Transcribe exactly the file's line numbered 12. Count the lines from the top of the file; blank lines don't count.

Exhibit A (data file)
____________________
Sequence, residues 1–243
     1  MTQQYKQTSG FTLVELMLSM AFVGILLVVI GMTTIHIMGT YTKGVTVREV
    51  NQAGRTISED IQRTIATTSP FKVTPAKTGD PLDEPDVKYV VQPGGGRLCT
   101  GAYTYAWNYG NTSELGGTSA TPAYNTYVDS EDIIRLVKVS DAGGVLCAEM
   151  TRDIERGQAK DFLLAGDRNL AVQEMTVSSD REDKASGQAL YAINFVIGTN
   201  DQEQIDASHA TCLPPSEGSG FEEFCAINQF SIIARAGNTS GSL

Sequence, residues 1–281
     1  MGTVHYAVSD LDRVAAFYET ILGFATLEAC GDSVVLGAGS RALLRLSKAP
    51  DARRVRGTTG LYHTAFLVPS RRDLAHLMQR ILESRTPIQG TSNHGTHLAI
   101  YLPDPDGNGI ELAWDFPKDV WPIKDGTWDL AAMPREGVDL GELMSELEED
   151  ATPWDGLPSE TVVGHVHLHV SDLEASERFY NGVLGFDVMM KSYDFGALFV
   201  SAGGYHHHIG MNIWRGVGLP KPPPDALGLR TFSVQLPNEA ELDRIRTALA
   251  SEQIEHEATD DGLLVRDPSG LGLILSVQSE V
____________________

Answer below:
   201  SAGGYHHHIG MNIWRGVGLP KPPPDALGLR TFSVQLPNEA ELDRIRTALA